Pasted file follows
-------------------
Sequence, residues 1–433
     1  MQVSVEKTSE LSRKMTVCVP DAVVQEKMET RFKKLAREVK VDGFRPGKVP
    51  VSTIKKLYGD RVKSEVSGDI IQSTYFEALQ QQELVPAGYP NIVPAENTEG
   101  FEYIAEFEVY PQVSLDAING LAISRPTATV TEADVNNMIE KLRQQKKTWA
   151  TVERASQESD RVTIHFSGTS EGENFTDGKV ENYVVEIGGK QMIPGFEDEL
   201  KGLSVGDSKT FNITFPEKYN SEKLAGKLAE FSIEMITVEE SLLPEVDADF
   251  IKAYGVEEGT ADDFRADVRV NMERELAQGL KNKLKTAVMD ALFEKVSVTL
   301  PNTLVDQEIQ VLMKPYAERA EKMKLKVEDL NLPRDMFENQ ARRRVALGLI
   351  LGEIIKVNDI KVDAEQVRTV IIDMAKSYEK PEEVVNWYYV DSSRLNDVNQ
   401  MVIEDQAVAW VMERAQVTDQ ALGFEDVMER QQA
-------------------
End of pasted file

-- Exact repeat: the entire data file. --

Sequence, residues 1–433
     1  MQVSVEKTSE LSRKMTVCVP DAVVQEKMET RFKKLAREVK VDGFRPGKVP
    51  VSTIKKLYGD RVKSEVSGDI IQSTYFEALQ QQELVPAGYP NIVPAENTEG
   101  FEYIAEFEVY PQVSLDAING LAISRPTATV TEADVNNMIE KLRQQKKTWA
   151  TVERASQESD RVTIHFSGTS EGENFTDGKV ENYVVEIGGK QMIPGFEDEL
   201  KGLSVGDSKT FNITFPEKYN SEKLAGKLAE FSIEMITVEE SLLPEVDADF
   251  IKAYGVEEGT ADDFRADVRV NMERELAQGL KNKLKTAVMD ALFEKVSVTL
   301  PNTLVDQEIQ VLMKPYAERA EKMKLKVEDL NLPRDMFENQ ARRRVALGLI
   351  LGEIIKVNDI KVDAEQVRTV IIDMAKSYEK PEEVVNWYYV DSSRLNDVNQ
   401  MVIEDQAVAW VMERAQVTDQ ALGFEDVMER QQA